Management teams are being recruited to help design and deliver hen harrier and freshwater pearl mussel schemes which will target up to 2,800 landowners.
A formal request for tenders has been published by the Department of Agriculture, who intend to appoint the project teams on foot of this before end of year.
Agriculture Minister Michael Creed said he was moving to ensure the schemes are open to farmers in 2017, although formal approval for them was awaited from the EU.
He said: “Support for the EIP locally led hen harrier project is aimed at targeting the conservation of this important bird in six specific core target areas which contain about 45% of the national hen harrier population. This scheme will target up to 2,000 participants.
“Similarly, the freshwater pearl mussel project will be confined to eight catchments containing approximately 80% of the national population, and will target up to 800 participants. An overall budget of €35m is being made available to fund these projects. “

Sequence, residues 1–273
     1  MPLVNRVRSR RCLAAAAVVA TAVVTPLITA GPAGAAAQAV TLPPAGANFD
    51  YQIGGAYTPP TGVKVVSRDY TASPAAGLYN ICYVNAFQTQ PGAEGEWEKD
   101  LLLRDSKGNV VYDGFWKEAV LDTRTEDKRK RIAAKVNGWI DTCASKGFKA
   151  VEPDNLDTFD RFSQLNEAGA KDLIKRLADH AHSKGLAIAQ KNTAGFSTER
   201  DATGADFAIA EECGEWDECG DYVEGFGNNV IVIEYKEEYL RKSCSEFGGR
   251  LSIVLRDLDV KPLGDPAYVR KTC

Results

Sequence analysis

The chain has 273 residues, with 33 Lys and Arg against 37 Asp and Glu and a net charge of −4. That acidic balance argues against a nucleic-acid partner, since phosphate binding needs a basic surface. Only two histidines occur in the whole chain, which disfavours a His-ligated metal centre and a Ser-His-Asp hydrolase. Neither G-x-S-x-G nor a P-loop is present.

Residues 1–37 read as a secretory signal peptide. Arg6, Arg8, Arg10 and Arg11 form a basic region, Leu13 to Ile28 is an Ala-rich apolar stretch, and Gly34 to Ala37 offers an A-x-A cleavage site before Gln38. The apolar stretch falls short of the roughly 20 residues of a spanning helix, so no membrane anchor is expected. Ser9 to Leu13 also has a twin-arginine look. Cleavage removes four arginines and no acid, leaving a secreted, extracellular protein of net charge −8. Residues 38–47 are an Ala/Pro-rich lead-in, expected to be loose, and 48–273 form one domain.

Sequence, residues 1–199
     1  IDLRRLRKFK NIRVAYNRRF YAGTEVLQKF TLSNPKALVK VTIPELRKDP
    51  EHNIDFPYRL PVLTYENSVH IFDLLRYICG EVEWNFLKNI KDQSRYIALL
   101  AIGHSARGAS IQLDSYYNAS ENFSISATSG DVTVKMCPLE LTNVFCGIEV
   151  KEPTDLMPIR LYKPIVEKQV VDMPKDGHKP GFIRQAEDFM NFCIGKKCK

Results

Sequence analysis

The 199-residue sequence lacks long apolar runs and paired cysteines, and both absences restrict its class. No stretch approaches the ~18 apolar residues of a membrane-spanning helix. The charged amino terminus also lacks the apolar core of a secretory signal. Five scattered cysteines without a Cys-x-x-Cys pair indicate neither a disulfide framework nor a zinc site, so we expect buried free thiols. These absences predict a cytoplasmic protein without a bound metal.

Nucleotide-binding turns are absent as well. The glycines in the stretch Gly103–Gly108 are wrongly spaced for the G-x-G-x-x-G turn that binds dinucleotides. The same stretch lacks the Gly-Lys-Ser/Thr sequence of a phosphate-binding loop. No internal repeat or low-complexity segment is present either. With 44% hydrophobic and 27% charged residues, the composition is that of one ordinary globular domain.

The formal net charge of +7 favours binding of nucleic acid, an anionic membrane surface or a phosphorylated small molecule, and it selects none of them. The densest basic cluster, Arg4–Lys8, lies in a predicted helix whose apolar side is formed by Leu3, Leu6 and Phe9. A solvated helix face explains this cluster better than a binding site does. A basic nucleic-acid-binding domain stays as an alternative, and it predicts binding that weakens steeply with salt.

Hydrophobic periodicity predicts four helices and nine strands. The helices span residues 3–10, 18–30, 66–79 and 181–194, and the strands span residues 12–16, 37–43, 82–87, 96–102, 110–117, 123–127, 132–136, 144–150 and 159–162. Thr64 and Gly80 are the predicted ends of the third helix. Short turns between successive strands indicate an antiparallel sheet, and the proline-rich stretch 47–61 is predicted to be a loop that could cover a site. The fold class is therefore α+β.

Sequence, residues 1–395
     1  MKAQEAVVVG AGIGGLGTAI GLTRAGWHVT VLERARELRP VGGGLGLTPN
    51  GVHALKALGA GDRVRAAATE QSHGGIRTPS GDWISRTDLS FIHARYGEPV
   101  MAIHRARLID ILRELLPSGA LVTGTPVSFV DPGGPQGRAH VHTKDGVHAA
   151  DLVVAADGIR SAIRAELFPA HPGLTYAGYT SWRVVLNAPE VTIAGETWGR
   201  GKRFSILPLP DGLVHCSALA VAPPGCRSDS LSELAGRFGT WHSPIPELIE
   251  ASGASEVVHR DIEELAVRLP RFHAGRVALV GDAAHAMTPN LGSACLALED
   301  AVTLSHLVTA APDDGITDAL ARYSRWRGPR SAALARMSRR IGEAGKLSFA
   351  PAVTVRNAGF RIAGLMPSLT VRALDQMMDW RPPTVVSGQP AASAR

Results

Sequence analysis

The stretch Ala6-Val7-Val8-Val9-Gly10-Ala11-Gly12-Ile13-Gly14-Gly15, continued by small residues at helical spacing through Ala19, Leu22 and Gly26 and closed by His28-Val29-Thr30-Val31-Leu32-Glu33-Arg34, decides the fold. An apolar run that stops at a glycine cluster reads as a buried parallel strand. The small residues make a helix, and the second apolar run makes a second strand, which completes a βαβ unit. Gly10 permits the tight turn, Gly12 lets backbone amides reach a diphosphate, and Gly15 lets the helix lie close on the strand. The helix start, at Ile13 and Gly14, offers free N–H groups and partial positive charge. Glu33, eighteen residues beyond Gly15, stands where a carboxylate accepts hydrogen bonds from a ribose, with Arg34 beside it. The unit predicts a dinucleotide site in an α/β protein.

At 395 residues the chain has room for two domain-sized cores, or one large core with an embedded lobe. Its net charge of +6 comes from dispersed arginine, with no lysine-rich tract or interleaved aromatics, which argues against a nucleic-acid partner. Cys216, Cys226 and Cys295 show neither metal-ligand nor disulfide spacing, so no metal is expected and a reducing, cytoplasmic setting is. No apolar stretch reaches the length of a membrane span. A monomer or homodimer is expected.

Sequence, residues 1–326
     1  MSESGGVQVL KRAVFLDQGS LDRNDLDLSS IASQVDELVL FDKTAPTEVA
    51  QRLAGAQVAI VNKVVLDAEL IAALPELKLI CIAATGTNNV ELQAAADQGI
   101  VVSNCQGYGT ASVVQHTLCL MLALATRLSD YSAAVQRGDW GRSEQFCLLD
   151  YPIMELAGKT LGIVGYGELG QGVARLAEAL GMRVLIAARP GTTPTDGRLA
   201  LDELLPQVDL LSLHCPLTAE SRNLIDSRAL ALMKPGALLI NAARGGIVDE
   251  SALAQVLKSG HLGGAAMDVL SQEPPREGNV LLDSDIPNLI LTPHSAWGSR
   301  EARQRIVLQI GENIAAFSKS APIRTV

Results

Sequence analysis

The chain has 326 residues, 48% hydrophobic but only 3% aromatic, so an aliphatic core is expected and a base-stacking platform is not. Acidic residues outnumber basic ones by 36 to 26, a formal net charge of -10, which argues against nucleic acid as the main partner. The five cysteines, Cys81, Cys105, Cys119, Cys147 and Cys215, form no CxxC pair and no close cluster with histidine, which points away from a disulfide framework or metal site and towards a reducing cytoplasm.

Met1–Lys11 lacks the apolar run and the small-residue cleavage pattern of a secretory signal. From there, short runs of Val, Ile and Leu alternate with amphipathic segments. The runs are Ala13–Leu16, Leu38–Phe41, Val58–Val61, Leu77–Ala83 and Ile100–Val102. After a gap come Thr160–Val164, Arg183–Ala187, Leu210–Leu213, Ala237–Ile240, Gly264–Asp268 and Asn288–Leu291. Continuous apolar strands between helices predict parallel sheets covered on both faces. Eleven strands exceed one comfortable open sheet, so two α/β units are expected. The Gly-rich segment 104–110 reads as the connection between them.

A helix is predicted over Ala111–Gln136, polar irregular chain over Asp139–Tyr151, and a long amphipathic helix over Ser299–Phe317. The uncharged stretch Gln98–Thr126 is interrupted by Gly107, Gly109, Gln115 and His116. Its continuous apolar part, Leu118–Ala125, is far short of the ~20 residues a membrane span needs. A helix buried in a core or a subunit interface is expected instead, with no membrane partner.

Landowners will play vital roles in both schemes. Hen harrier and freshwater pearl mussel project participants will be invited to enter contracts for up to five years.
Until schemes are up and running, hen harrier farmers should apply to join GLAS.
The six hen harrier target areas are mostly in Munster, in special protection areas on the Cork-Kerry-Limerick border areas, in north-east Limerick, in the Slieve Aughty area on the Clare-Galway border, and the Slieve Bloom area in Laois and Offaly.
Eight freshwater pearl mussel target areas around the country include Currane, Caragh, Ownagappul, and the Kerry Blackwater area, all in Co Kerry. Farmers will be paid according to performance in maintaining the environmental health of designated land areas and associated habitats.
Budgets may include bonus payments for successful hen harrier breeding.
In fresh water pearl mussel areas, farmers will be paid for actions such as river area management; control of water with drainage, grassed waterways, and buffer/filter strips; maintenance of soil structure: zero or restricted tillage, nutrient management, and extensive land use.
Grazing and livestock management, nutrient/sediment management, alternative drinking facilities for livestock, drain management and management of crossing points, and reducing critical sediment sources, are likely actions to protect fresh water pearl mussels.
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